Kashering Arizona

As today’s kosher consumers in Greater Phoenix easily fill up shopping carts of various kosher goods at multiple local supermarkets and sample kosher cuisine from a choice of restaurants, it may be difficult to imagine a time when kosher food was nearly impossible to obtain.

The Arizona Jewish Historical Society’s current exhibit, “New Frontiers: Jewish Pioneers in the Arizona Territory,” provides an example of the challenges Jews faced before Arizona became a state:

“Like other Jews in the West, the Solomons chose family survival over religious tradition. Anna (Solomon, who moved to the West in 1876 with her husband and three young children) knew the danger of refusing to eat meat on the western frontier. Twenty years before her own journey west, her father, Louis Freudenthal, joined his brother in New Mexico Territory. He strictly followed Jewish dietary law and would not eat pork or poultry that was not ritually slaughtered and blessed by a rabbi. After three years of almost no protein in his diet, he was weak and sickly. He returned to Prussia, unable to succeed in the harsh landscape.”

It wasn’t until about a decade after Arizona statehood that there was any sign of improvement in the availability of kosher meat.

Arizona’s first kosher butcher was Rabbi Ydel Dow, who arrived in Tucson about 1925, according to the Jewish History Museum in Tucson. He and his wife, Bessie, ran a store and deli on South Stone Avenue there.

According to “Cholent & Chorizo,” a 1995 book by Abraham S. Chanin about pioneer Jews on the Arizona frontier, among the leaders who brought Dow to Tucson was Louis May, who owned what May referred to as a kosher restaurant in Tucson. May likely imported his meat from Los Angeles, according to the Tucson museum’s archives. Before Dow’s arrival, a non-Jewish Mexican butcher, Charlie Moreno, trained in kashrut by Chanin’s father, Isadore, devoted a portion in his store to kosher meat and kept it separate from the nonkosher meat.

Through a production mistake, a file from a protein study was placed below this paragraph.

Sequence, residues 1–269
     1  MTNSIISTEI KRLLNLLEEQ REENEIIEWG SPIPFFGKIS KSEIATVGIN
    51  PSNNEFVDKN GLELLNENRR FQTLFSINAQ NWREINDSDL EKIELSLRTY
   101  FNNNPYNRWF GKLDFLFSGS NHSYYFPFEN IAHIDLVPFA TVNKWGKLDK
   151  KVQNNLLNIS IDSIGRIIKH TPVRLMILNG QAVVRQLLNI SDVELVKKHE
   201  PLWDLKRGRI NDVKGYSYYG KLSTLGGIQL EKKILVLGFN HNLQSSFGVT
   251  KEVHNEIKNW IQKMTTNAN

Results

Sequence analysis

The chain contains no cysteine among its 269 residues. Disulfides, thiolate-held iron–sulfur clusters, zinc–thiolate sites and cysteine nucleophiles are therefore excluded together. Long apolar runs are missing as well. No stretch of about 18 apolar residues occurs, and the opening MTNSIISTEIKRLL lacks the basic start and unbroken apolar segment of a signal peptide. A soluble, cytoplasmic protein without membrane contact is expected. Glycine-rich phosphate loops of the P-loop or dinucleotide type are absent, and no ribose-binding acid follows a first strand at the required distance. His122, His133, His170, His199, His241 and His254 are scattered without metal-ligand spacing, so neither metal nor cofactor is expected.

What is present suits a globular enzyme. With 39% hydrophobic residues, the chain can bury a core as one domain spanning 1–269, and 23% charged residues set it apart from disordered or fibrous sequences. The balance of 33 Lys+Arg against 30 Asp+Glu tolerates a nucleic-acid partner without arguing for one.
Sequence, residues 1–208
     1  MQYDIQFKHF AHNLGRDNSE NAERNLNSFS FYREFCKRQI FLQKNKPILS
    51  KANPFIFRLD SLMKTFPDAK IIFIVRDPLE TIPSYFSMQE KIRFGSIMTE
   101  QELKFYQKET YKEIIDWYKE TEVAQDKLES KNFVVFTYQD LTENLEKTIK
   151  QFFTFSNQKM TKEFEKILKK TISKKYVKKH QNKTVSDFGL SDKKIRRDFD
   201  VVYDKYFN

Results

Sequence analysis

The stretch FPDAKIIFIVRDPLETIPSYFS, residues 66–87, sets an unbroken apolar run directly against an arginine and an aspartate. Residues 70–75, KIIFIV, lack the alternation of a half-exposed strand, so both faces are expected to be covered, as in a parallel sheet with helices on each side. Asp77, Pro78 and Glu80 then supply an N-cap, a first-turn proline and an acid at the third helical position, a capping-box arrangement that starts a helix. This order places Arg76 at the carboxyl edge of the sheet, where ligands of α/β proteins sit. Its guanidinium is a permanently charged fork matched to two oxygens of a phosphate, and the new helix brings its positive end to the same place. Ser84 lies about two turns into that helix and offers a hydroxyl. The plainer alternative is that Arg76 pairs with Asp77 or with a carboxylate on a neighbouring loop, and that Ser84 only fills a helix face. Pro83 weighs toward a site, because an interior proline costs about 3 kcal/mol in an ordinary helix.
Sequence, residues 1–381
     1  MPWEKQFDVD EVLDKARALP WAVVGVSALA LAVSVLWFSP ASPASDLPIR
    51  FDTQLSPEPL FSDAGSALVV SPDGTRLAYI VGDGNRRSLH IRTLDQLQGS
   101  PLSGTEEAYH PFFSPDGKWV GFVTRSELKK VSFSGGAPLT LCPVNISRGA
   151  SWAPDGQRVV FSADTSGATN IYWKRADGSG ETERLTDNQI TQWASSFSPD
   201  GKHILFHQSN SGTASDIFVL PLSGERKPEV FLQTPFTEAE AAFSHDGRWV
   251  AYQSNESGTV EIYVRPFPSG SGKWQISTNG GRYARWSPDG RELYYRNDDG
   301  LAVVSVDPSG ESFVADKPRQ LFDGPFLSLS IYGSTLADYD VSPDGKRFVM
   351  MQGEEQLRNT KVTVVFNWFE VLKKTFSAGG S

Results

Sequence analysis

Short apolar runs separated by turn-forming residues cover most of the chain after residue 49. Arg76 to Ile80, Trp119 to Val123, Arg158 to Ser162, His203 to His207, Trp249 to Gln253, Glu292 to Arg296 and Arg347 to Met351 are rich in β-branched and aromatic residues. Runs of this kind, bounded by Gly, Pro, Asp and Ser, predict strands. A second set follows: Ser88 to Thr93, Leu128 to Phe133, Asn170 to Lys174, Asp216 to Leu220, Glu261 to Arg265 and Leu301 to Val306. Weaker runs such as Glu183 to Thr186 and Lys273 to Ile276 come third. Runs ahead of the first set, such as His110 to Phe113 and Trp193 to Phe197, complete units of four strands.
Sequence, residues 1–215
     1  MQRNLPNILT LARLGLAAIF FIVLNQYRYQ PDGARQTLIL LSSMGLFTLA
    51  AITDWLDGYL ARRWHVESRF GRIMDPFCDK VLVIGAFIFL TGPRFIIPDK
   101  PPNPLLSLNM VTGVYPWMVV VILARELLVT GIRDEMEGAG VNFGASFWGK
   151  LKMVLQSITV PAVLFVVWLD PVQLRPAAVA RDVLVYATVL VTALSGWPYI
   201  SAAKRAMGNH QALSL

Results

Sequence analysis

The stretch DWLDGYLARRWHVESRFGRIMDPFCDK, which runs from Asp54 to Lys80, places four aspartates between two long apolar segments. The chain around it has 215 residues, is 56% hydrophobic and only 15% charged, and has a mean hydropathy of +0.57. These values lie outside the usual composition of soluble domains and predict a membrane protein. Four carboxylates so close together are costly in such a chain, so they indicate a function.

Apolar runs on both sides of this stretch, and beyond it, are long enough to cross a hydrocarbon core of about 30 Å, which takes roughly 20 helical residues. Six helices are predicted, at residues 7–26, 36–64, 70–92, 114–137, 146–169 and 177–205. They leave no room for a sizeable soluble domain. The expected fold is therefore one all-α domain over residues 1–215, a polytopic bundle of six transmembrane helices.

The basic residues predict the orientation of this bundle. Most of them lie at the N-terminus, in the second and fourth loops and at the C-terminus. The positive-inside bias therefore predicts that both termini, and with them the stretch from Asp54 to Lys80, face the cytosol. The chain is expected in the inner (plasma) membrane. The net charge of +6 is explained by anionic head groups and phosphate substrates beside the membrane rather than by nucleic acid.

In 1927, Dow moved to Phoenix and served as both a rabbi and a shochet, or ritual slaughterer, according to Chanin’s book.

Anita Gutkin of Scottsdale remembers that Dow “used to kill a chicken in our backyard and then burn the feathers. … Anyone who experienced this as a child remembers the special odor of the burnt feathers, not to mention the gyrations of the headless fowl.”

Gutkin, who grew up in an observant family, also remembers buying meat from “Katz the Butcher,” who always added halvah for her in the family’s order, she says.

Keeping kosher in a mining town

In the 1950s, Terri Swirnoff and her family lived in Ray – a small copper-mining town near Superior-Globe that is now the town of Kearny – where her father, Abe Morris, was the manager of the Kennecott Mining Company and her mother, Mildred Morris, entertained often.

“Nobody was Jewish, everything was kosher,” says Swirnoff, who now lives in Phoenix. “She’d have sit-down dinners for 50 people and it was all kosher.” Since her mother didn’t drive, someone drove her about once a month to Phoenix to purchase kosher food.

The drive from Ray to Phoenix took about an hour and a half each way, Swirnoff says. For “the first half-hour, we took Dramamine because it was this windy, unpaved road between Ray and Superior,” Swirnoff says. “We’d get carsick if we didn’t take the Dramamine.” In the early years, their car didn’t have air conditioning. During the monthly trip – which became more frequent once Swirnoff’s brother began bar mitzvah training at Beth El Congregation – her mom, after getting her hair done at a Phoenix salon, would shop at Kosher Star and take the food home on dry ice. “At home, she had a huge stand-up freezer and two refrigerators to keep all the food,” Swirnoff says.

Formal kosher supervision